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Meeting the challenge: building a community of players

By on February 15, 2012
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In a recent Twitter debate, David Barnes and Wojtek Kawczynski argued that Gamesbrief has already won the argument about the power of free-to-play. Price points are no longer a pressing issue; the real challenge, they said, is tribe-building – creating communities that fuel acquisition and retention (See the ARM series). They were right to want to clue up on this problem. In the introduction to How to Publish a Game, Nicholas points out that:

Developers who have been making games for thirty years will have to learn new skills. Designers will have to learn not just game design and art, coding and sound, but how to build a brand, a community, a sales channel. It’s a challenging task.

How will you face the challenge? We don’t have a magic formula for growing large, loyal communities of fans (yet – do subscribe to the newsletter just in case we happen upon it some day) but we do have some valuable advice to set you on your way.

Community building isn’t simply a necessary chore to make free sustainable: going free is one of your first steps toward community building. Free inspires a spirit of generosity and a sense of gratitude, which fuel virality and feed your conversion rate.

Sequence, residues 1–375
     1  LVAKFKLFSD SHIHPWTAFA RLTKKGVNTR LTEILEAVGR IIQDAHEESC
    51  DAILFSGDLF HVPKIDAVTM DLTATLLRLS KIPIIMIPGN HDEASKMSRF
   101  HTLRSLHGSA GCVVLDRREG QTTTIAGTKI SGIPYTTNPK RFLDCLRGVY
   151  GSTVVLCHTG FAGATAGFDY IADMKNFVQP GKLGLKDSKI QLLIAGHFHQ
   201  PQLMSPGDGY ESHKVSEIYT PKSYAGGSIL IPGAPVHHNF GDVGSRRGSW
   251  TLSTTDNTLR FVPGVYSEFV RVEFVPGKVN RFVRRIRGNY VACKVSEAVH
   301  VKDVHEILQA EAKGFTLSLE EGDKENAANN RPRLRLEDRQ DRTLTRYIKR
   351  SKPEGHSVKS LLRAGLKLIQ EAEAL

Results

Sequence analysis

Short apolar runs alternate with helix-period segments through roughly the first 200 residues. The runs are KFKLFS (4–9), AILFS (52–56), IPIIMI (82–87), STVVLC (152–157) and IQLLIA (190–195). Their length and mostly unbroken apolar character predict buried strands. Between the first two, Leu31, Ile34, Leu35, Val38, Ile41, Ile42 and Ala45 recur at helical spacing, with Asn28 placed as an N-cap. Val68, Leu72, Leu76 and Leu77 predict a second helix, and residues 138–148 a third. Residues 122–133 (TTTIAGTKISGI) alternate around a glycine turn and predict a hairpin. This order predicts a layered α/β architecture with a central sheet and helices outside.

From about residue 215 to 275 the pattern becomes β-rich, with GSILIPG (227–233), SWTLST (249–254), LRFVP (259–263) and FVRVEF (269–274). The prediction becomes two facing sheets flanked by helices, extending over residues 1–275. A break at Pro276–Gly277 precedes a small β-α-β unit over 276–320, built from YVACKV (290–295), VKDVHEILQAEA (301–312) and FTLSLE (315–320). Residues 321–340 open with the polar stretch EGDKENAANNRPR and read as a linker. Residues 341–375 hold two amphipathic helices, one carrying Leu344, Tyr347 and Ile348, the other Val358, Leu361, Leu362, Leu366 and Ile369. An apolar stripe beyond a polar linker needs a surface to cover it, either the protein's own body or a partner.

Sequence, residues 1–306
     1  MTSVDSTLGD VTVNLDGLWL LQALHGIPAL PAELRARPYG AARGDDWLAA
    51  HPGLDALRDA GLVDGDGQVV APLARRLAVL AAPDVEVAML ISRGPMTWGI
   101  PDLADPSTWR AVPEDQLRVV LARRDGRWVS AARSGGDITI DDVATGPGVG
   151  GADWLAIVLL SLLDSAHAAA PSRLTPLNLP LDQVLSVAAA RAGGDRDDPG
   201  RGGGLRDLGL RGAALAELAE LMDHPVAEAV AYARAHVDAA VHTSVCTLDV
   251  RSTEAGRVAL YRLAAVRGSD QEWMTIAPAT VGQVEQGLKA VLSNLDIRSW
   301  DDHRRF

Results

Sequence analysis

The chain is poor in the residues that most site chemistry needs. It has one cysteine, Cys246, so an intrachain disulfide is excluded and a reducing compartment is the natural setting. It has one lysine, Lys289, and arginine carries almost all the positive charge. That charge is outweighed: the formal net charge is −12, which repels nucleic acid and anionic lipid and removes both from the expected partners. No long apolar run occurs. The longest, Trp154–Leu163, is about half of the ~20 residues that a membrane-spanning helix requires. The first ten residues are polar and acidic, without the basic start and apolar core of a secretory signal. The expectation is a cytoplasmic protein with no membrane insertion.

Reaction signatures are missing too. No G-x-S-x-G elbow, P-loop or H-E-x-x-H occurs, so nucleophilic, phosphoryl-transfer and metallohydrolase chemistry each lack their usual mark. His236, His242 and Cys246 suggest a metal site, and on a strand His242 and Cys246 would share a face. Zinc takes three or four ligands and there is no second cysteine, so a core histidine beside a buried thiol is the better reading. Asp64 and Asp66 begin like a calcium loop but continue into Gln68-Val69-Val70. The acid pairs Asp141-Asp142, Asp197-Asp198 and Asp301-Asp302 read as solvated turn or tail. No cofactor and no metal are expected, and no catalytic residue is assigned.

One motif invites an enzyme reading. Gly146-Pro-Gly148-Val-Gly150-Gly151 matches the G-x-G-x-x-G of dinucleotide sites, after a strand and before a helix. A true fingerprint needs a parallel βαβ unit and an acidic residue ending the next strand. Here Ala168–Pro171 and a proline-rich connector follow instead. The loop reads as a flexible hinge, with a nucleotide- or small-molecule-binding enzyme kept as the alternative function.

Community building

Community-building doesn’t initially sound like a numbers game. It sounds touchy-feely and personal; to some extent, it should do, because the main advantage an indie has when marketing a game is that you can make it personal. Your brand already has a face and a personality; your face, your personality, your voice, as Andrew Smith of Spilt Milk Studios pointed out in his Gamasutra post Be honest, be nice (also, go check out his series of developer diaries).

Marketing Strategies

Still, it’s no secret that games now feed back data that puts concrete figures on the relationship between your game and your players. Community-building is as much about taking advantage of your indie status – which lends itself to permission marketing – as it is about metrics-led marketing. These are discussed as opposed to the AAA strategy of launch marketing in the post Three ways to market your indie game.

Tribal game design

Building a relationship with your fans also opens the door for some great qualitative data; without slavishly obeying every demand of every player, it gives you better knowledge of what your players want so that you can find games for your players, as advised in Tadhg Kelly’s guest post. This really is essential reading. Tribe-building indies must follow these to-dos from the post:

  1. Be or become an insider in a niche
  2. Find out what its chief cause is
  3. Build a platform (as in a website or blog) to talk to that niche.
  4. Talk to them a lot. Push for the cause. Expect resistance.
  5. Build a community. This aids formation of a tribe.
  6. Build a game that speaks to the tribe
  7. Give the tribe the means to evangelise about the game

About Zoya Street

I’m responsible for all written content on the site. As a freelance journalist and historian, I write widely on how game design and development have changed in the past, how they will change in the future, and how that relates to society and culture as a whole. I’m working on a crowdfunded book about the Dreamcast, in which I treat three of the game-worlds it hosted as historical places. I also write at Pocketgamer.biz and The Borderhouse.